Blogging is coming of age, and the internet is full of great resources that can help you develop a blog that people want to read. This post will help you identify and save those resources so you can refer back to them.
Open a second “home page” beside this page so you can do a little internet sleuthing.
1. If you don’t have a Bookmark folder for “Blogging Tips,” make one now. Right now. Into that folder put www.problogger.net/blog/ and www.dailyblogtips.com . Both sites are written by professional bloggers, and feature articles that inform you about good blogging practices. They are not about art: They are only about blogging. Read the articles that interest you, and take time to notice titles because titles capture or lose readers. Google “blog writing tips” for more resources. Great bloggers link to other great bloggers, so follow some of their links for sites to add to your new “Blogging Tips” folder.
2. Set up another Bookmark folder. Call this one “Favorite Art Blogs.” Put into this folder art blogs that you find compelling. You will probably save art blogs for different reasons: Some are informative, others are inspiring or beautiful. Some art blogs market the art while others don’t. Collect about a dozen, (more, if you like) keep them weeded as you find better blogs, and ask yourself why you like each of them.
3. Have a place for notes. I keep a 6x9” spiral bound notebook by my computer for notes about my blog and my newsletter, The Palette Keeper. Using little stick-on dividers, the blog section is divided like this:
- Blog do’s—things I deem important to good blogging.
- Blog don’ts—things that would probably lose readers.
- Topics to write about—this is important! If you don’t maintain a list of things to blog about, your brain will turn to mush just when you really need to remind the world you exist.
- Notes—odds and ends about blogging that don’t fit elsewhere.
Check your stats a day or two after you post on your blog. Did you get a bump? If so, you have readers! Over time, your stats will reveal which of your posts are most popular, and you can use that to develop a subject theme for your blog.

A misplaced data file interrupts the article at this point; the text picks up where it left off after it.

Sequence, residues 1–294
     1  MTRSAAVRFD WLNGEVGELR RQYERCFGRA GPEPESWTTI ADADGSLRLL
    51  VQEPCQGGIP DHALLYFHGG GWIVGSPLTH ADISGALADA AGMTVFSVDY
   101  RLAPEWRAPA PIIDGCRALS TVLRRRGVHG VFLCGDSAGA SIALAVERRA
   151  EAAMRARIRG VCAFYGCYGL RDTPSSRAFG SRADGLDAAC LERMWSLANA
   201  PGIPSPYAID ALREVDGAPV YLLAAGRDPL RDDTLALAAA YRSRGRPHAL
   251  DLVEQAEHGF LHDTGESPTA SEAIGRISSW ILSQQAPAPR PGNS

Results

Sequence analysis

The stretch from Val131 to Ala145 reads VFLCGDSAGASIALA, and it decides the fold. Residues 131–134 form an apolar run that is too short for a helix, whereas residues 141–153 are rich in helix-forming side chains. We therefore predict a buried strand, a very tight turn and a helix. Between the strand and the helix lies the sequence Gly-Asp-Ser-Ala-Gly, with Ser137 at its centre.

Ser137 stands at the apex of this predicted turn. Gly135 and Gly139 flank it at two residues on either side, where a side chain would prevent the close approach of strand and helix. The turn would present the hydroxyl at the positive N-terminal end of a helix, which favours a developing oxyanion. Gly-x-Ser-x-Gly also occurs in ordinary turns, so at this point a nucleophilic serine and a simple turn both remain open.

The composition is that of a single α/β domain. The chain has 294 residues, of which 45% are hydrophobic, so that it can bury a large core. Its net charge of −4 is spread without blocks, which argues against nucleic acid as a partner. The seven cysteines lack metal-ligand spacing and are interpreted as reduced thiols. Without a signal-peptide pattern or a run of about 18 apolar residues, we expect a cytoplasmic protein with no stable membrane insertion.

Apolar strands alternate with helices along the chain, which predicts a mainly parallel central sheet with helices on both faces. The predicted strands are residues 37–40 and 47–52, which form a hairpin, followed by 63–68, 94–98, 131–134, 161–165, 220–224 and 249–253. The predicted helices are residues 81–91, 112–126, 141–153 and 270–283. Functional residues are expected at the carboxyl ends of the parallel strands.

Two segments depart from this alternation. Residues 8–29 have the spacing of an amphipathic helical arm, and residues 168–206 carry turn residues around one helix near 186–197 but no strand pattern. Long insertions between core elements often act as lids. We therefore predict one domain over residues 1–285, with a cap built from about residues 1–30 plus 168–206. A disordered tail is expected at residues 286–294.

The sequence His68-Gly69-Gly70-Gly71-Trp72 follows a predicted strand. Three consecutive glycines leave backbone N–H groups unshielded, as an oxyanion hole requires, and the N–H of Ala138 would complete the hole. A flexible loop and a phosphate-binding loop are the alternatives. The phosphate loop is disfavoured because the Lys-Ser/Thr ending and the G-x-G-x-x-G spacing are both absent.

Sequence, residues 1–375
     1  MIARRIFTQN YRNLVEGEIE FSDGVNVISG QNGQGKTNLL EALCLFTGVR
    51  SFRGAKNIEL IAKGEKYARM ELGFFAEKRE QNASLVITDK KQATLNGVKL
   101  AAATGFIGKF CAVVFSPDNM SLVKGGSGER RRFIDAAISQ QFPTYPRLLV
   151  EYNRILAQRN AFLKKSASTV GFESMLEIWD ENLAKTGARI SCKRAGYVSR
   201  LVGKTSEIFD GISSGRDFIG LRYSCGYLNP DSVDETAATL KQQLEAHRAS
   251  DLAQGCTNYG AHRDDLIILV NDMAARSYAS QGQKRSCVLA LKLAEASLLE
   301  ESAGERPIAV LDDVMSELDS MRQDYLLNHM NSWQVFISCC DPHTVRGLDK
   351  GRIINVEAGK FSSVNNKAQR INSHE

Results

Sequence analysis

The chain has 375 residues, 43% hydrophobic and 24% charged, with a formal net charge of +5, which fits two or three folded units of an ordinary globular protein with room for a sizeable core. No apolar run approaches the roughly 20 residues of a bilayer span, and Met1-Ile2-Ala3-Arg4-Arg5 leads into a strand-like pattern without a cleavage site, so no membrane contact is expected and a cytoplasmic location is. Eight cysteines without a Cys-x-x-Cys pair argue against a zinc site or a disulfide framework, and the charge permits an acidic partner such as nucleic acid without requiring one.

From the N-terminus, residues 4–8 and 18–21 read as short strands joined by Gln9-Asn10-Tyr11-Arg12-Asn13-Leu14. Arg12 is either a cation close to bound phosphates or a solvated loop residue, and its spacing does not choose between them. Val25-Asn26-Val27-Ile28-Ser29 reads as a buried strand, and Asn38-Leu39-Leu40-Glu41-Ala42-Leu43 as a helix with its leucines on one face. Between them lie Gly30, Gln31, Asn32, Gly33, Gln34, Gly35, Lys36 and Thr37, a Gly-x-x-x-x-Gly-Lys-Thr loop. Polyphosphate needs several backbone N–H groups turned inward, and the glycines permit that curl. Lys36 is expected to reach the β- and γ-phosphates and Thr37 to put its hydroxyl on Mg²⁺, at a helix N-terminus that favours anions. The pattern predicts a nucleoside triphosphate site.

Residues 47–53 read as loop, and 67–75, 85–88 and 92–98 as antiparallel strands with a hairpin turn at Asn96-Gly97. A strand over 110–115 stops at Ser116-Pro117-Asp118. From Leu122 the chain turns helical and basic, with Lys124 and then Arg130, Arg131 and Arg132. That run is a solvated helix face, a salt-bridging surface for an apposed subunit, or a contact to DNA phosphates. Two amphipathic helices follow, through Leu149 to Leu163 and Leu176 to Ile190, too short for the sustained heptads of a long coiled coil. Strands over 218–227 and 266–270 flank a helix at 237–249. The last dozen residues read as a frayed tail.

I did say “Fun tips” in the title of this article. You should enjoy your blog, however much or little you write for it. Likewise, enjoy learning how to make it better. It helps if you like to write, but even if just thinking about writing makes your brain cramp you can still publish an interesting blog—just keep it short and to the point. So, how is your blog doing?
What makes a compelling self-marketing portrait for your website and brochure? Do you want a face shot? Do you like the “artist in action” look? Or, would you like a blend of both? Plan on taking 50-100 photos (thank goodness for digital cameras!). It will take that many images to find a few that work really well, unless you are photogenic, which I am not.
1. Begin by collecting marketing photos of other artists—photos that interest you. Cut them out of old art magazines, artist brochures, art workshop ads, print them from artist websites, or scan them from book fly jackets. Stick them in a notebook and make notes of what you like about the photo. After a few of these you will begin to notice consistencies in your choices. (For example, I don’t like lower legs and feet in the picture and discovered cropping is not the only way of getting rid of them!) I also discovered that French easels with huge canvases are more dramatic than pochade boxes with small panels. If you are a plein air painter try both if you have the materials.